Scientific name: Muhlenbergia asperifolia

Common name: alkali muhly

Family: Poaceae

Article by Susan Bruneni

Muhlenbergia asperifolia (Photo by Janice Tucker)

Visitors to Leonora Curtin Wetland Preserve always marvel at the late summer and early fall color. This year many were displaying photos and raving about the showy pink grasses along the main path. Use of adjectives like fairy plants, pink haze and mist, and “just like clouds at sunset” were some of the few exclamations. This perennial monocot grass is Muhlenbergia asperifolia. It is also very noticeable along Artist Road on the way to the Ski Basin.

The pink color is created by massive tiny purple blooms. By mid-October the blooms have disappeared and the “fairy clouds” have assumed the white/tan color of the seeds.

Muhlenbergia asperifolia is a species of grass known by the common names alkali muhly and scratch grass. It is native to much of North America, including most of southern Canada, most of the continental United States except for the southeastern region, and parts of northern Mexico.

Muhlenbergia asperifolia (Photo by Janice Tucker)

Alkai muhly is a rhizomatous perennial grass growing in thick clumps up to two feet tall. The inflorescence is a very open, wispy array of many hair-thin, outstretched branches each up to six inches long. The spikelets at the tips of the branches are less than two millimeters long.

Muhlenbergia asperifolia is a valuable grass for habitat restoration and revegetation projects in disturbed habitat in the southwest United States, especially in riparian zones in California and the Intermountain West. Once established and often grown with other grasses, it will create a dense groundcover.

A beautiful native grass and drought tolerant- there is no denying this grass has a great combination of traits. In tough landscapes and the garden setting it will thrive. Of the 70 species listed on the USDA plant database, Muhlenbergia asperifolia is one of the most dramatic. Growers often carry a similar species, M. capillarias or pink muhly, the cultivar ‘White Cloud’ and others suitable for home landscapes. All appreciate well-drained soil and sun. If planting in the fall, they should be in the ground by first frost.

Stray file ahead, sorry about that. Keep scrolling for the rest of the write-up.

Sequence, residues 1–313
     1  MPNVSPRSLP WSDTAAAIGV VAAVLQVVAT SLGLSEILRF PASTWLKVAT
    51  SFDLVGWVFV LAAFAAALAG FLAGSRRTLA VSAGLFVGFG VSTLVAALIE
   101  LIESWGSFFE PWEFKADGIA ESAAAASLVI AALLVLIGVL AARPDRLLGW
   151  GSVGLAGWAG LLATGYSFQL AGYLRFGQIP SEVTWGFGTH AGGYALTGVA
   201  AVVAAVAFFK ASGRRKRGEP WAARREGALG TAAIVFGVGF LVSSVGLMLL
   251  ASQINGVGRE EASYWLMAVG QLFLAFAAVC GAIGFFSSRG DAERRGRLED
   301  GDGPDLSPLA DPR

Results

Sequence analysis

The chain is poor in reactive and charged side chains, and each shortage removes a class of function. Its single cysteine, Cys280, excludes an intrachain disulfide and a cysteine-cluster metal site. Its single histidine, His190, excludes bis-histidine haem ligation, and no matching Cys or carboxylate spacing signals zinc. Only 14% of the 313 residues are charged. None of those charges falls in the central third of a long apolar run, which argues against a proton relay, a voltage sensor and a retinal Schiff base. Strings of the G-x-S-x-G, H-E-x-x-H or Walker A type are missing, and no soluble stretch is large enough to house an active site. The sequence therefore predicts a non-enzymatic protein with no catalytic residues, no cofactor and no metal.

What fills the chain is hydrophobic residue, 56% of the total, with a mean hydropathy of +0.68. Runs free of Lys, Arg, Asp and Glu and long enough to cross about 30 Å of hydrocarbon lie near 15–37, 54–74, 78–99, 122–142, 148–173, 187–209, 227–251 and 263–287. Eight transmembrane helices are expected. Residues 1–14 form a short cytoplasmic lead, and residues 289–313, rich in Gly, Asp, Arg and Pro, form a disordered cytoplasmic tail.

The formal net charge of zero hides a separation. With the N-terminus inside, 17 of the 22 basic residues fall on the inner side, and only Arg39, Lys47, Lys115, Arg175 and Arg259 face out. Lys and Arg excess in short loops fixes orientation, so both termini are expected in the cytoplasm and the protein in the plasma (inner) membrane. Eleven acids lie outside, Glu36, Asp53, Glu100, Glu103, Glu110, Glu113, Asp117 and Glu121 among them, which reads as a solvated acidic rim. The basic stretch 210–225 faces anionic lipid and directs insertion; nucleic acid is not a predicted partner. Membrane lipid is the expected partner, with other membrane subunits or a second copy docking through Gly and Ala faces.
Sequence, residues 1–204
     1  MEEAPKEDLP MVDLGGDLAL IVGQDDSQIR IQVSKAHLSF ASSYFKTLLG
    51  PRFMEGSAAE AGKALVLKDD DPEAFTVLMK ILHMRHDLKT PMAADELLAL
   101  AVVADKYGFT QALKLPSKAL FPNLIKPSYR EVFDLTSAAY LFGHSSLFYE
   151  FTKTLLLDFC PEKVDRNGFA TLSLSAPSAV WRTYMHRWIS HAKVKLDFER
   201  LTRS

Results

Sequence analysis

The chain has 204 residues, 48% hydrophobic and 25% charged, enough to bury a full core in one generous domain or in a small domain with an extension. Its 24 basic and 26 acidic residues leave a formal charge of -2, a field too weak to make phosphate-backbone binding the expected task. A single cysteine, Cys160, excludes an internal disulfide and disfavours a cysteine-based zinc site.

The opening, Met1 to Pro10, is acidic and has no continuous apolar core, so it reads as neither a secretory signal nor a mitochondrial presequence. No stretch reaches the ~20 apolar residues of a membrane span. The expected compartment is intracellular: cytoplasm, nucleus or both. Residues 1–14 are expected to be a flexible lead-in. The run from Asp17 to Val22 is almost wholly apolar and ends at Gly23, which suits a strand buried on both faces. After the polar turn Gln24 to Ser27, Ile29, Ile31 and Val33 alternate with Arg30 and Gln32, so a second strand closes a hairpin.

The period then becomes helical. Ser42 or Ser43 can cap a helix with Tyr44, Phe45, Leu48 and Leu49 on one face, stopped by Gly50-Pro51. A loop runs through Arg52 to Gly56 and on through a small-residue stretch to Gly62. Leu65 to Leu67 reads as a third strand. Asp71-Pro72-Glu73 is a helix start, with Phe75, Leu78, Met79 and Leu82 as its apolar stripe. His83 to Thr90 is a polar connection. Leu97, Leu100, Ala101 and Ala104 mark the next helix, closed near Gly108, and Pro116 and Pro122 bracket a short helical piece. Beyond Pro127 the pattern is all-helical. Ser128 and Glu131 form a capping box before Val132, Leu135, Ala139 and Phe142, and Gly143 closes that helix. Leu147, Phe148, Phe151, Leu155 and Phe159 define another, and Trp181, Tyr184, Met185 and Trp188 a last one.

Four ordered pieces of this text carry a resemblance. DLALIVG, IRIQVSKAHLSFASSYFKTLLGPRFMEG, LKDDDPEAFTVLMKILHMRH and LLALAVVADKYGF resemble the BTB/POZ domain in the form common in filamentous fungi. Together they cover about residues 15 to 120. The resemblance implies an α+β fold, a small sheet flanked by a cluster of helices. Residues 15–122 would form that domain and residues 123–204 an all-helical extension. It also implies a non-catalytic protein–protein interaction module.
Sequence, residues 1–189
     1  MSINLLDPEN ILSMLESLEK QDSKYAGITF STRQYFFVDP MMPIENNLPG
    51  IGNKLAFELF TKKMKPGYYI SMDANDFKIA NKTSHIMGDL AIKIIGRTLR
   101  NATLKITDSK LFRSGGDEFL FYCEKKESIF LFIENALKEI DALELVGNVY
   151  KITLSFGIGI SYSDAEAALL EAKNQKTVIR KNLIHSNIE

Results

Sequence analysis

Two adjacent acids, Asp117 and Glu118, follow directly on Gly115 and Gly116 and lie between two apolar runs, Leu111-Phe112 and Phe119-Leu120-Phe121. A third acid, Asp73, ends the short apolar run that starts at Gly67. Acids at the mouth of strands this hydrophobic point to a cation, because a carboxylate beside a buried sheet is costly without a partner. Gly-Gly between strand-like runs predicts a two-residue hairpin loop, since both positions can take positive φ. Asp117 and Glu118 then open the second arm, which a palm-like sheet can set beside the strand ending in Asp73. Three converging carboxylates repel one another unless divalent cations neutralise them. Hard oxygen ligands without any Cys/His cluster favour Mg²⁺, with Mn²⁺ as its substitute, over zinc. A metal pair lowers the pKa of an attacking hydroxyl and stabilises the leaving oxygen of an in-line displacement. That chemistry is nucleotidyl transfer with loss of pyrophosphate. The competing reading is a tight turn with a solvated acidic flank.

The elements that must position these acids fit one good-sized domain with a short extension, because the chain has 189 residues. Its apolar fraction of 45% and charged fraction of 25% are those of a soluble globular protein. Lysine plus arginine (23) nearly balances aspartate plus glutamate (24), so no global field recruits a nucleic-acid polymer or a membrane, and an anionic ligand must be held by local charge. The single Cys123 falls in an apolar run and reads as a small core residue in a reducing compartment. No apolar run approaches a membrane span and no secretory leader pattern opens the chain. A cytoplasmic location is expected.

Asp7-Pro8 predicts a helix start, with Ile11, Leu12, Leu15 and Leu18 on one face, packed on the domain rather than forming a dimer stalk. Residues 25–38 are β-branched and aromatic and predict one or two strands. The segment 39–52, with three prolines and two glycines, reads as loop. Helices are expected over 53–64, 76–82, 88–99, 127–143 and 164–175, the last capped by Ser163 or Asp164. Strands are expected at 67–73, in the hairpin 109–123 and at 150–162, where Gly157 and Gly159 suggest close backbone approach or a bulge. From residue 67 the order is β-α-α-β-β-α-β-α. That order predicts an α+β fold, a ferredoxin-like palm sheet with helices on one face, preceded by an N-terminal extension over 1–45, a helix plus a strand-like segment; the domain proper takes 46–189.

Muhlenbergia asperifolia (Photo by Janice Tucker)

They often grow in arid or semiarid regions, with adaptations that make them a good choice for low-water landscapes. This also means they need well-drained soil to remain healthy and survive wet winters. They need full sun and dry conditions to look their best, and may suffer in shade or wet summers.

Muhlenbergia was named after one of the first early-American scientists, Lutheran minister and self-taught botanist, Gotthilf Henry Ernest Muhlenberg (1753-1815). He became interested in botany while hiding from British soldiers during the Revolutionary War. Muhlenberg was one of the early members of the American Philosophical Society (APS), the first scientific association in the New World, founded by Benjamin Franklin, John Bartram, and others. Many of Muhlenberg’s herbaria now reside in the collections of the Academy of Natural Sciences of Drexel University in Pennsylvania.


Muhlenbergia asperifolia (scratchgrass)”. USDA, NRCS. 2018. The PLANTS Database (, 25 October 2018). National Plant Data Team, Greensboro, NC 27401-4901 USA.

Muhlenbergia asperifolia”. Wikipedia. Wikimedia Foundation. 1 Aug. 2018. Web. 25 Oct. 2018. Retrieved from:

Muhlenbergia asperifolia (scratch grass)”. Jepson eFlora. The Jepson Herbarium. University of California, Berkeley. Web. 25 Oct. 2018. Retrieved from:

Muhlenbergia capillaris“. Hoffman Nursery, Inc. Web. 25 October 2018. Retrieved from: